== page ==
Daniele Gatti’s Mahler’s Third:Understanding the Importance of Suffering

01/04/2013

United StatesUnited States Mahler: Anne Sofie von Otter (mezzo-soprano), Boston Symphony Orchestra Women of the Tanglewood Festival Chorus, John Oliver (director),  PALS Children’s Chorus, Andy Icochea (director), Boston Symphony Orchestra, Daniele Gatti (conductor), Symphony Hall, Boston, 30.3.2013 (DA)

Mahler: Symphony No.3 in D Minor

If any of Mahler’s symphonies fulfills the composer’s dictum that writing a symphony must mean “creating a world with all the technical means available,” the Third is surely it. Beyond its pantheistic naturalism and its sheer length, it seems obsessed with overcoming and anticipating legacies and departures of music history. The opening horn call is lifted from the finale of Brahms’s First, held in admiration and mockery for half an hour. Allusions drift in and out all over the place, while the slow movement takes its cues from Beethoven’s last string quartet. In its savagery the Third looks forward to Mahler’s Sixth, in its warmth to the Fourth, and in its triumphant love to the Ninth.

Daniele Gatti has become experienced enough a Mahlerian to integrate all of that and more, but his Mahler has always primarily looked forwards, with relentless nods to Schoenberg, Berg, and even Webern. Individual instruments play with seeming freedom but under his total control, while every timbre he finds from whatever orchestra is minutely calibrated from the podium. Not everything is fiercely ironic, though much is, for Gatti also knows the importance of playing Mahler’s gloriously swung dances and rustic lieder straight. As with his Parsifal, Gatti understands the importance of suffering – however personal – to Mahler’s music. His Mahler is impetuous, incendiary, and constantly flexible, always focused on the biggest of pictures. I have never heard this symphony conducted with its movements so insistently interconnected as here.

Unsurprisingly, it was the first movement that benefitted most from Gatti’s approach, not least because he drew playing from the Boston Symphony Orchestra of a quality more befitting its lofty heritage than its beleaguered current state. There was an unsparing clarity of detailing and even logic, a focus on the tiniest of gestures from Gatti that was rewarded by telling orchestral contributions. (Elita Kang, the BSO’s fourth-string concertmaster, was outstanding throughout this performance, finding a sweet spot between solo pizazz and collegiate restraint that few first violins achieve.) Gatti maintained a massive drive throughout, even when taking his foot off the pedal, keeping harmonic tension and its probable resolutions firmly in view between vast buildups of sound. At the recapitulation – for this, like the opening of the Sixth, is one of Mahler’s few genuinely sonata-form movements – he found the perfect mix of celebratory arrival and foreboding. A whipped up frenzy at times, Gatti strongly characterised this movement’s Pan-like procession of awakenings, conjuring life and joy even if the focus remained on Mahler’s darker side.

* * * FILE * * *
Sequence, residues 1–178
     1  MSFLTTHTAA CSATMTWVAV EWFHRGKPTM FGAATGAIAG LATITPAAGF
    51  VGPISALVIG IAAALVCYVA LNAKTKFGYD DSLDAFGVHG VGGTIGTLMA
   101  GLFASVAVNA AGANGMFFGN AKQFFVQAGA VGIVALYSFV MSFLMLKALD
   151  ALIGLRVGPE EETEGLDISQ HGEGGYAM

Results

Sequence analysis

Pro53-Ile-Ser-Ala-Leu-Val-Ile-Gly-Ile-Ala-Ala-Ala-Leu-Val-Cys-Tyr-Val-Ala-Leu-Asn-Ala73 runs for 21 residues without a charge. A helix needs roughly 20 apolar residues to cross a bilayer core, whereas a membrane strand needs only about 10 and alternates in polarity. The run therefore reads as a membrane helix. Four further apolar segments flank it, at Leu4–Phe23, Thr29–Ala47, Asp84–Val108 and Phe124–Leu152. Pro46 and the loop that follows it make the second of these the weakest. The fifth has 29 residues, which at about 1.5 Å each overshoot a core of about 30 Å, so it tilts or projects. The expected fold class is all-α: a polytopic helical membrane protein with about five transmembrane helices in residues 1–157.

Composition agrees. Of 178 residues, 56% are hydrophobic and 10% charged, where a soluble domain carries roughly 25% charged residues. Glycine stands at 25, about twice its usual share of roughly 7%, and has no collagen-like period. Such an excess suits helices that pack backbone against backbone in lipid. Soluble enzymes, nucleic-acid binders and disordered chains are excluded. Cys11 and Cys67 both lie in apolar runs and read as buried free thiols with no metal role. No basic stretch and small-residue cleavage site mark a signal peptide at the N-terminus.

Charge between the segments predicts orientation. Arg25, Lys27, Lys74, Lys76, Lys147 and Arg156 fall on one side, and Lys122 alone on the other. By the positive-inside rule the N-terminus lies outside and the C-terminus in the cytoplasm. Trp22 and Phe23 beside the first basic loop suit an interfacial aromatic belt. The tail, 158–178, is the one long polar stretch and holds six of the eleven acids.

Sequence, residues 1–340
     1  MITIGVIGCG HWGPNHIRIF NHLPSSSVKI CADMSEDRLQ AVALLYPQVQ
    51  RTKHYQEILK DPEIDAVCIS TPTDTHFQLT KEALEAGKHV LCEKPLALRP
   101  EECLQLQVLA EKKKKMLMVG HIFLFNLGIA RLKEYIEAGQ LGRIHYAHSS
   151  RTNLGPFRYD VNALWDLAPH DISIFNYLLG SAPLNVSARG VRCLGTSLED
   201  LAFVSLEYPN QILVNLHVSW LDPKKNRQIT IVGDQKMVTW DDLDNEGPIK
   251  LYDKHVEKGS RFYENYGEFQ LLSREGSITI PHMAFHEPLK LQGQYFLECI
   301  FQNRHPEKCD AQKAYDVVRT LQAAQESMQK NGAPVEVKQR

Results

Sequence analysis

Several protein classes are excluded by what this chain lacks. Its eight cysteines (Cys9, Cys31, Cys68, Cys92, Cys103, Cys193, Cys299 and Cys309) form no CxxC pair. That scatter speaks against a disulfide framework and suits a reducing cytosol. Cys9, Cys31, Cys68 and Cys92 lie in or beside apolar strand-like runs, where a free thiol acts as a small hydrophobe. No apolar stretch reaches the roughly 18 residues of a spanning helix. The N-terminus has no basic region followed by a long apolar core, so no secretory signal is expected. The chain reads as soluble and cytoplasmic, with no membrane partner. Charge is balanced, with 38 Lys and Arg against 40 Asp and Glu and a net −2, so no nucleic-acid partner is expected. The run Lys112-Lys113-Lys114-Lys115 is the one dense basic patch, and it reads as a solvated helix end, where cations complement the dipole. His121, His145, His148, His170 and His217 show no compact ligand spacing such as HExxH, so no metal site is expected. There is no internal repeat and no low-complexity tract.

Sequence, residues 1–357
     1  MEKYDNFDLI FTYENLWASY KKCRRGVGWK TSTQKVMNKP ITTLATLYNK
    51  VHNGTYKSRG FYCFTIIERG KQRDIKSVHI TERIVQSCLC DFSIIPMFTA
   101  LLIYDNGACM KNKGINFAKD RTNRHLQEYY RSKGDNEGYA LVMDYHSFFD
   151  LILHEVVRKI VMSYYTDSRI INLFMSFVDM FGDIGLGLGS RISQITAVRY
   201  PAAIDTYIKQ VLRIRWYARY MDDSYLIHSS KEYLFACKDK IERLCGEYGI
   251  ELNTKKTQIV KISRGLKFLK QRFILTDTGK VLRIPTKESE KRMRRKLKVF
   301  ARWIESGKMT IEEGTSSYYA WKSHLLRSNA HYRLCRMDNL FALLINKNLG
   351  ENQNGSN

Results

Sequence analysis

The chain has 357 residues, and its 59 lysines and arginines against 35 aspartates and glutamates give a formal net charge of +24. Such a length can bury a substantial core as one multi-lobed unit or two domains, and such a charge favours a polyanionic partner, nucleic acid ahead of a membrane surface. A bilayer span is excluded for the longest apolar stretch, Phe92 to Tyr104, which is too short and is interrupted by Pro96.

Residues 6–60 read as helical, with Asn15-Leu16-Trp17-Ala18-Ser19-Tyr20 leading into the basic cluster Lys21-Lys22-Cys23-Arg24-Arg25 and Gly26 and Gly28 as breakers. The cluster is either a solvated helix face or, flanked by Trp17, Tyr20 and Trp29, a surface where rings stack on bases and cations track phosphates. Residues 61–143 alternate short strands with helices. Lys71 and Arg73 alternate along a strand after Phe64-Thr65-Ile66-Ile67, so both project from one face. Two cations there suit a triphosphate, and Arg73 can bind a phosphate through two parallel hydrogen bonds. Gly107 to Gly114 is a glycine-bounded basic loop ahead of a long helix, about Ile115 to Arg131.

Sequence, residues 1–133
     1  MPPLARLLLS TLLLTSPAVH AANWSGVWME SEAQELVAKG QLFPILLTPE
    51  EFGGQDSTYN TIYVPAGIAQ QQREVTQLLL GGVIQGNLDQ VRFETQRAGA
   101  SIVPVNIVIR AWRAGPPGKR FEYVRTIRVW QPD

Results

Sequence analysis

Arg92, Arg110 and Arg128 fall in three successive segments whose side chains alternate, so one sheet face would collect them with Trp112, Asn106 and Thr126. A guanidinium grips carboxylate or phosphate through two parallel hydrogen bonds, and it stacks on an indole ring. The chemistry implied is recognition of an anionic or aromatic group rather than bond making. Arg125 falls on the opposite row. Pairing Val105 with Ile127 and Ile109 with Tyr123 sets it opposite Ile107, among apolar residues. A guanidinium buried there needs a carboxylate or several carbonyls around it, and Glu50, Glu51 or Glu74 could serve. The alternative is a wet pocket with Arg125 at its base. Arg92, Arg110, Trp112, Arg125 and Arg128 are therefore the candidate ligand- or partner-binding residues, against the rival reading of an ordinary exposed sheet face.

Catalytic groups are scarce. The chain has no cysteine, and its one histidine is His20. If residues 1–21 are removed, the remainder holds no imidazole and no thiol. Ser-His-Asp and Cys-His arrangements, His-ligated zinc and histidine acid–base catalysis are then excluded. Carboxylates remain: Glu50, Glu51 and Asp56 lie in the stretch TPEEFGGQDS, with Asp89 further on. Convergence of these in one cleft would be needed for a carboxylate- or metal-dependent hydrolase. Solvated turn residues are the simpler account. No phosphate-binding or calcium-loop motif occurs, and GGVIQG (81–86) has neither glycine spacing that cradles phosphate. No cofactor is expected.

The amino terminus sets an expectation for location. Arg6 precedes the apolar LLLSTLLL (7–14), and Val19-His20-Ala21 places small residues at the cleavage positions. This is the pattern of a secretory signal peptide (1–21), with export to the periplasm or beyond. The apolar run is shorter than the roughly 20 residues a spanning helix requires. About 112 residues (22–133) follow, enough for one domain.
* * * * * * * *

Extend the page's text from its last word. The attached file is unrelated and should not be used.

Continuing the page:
The second movement likewise never forgot the sinister. There was a keen sense of the grove or meadow here, but the spirits of the forest seemed close at hand too, the orchestra’s delicate, idiomatic Schwung balanced by gnarly, magical passages. There was similarly more than a hint of Weber and even Mendelssohn to a fragrant, bouncy third movement, which ideally balanced solo individuality with the demands of polyphony and structure. Transitions were especially fine, particularly into Thomas Rolfs’ posthorn solo. There was, however, some surprisingly scrappy playing at times, as indeed there was in all the movements of this performance bar the first.

Anne Sofie von Otter’s fraying voice matched the fourth movement’s Nietzschean song perfectly, and she melded text and musical line with typical nuance, but here Gatti seemed slightly lost. Already slow, the tempo dragged further, leaving phrasing disconnected and a few too many entries unconvincing. What remained, however, was an atmosphere of discovery. That turned into admirable warmth for the choral fifth movement, as the ladies of the Tanglewood Festival Chorus and the PALS Children’s Chorus sang with clarity and their characteristic gusto.

The glorious finale maintained Gatti’s modernist focus, and occasionally it might have benefitted from being allowed to flow more. This was not one great unfolding: triumph was to be won still in a dialectic of unsettled dissonance with the plainest and most heavenly of Mahlerian material. That said, Gatti conducted in gorgeous long lines, managing every transition and entry into the overall picture. What kept it together was a Wagnerian sense of tempo relationships, the lyrical, triumphant material with its little turn slowest, and everything else related around and to it. That slowness – never too much, contrary to Jeremy Eichler’s rather unfair view of a performance interrupted by a chorister collapsing – imparted an ineffable grandeur to the symphony’s conclusion, a final nobility to its thumping D major.

David Allen

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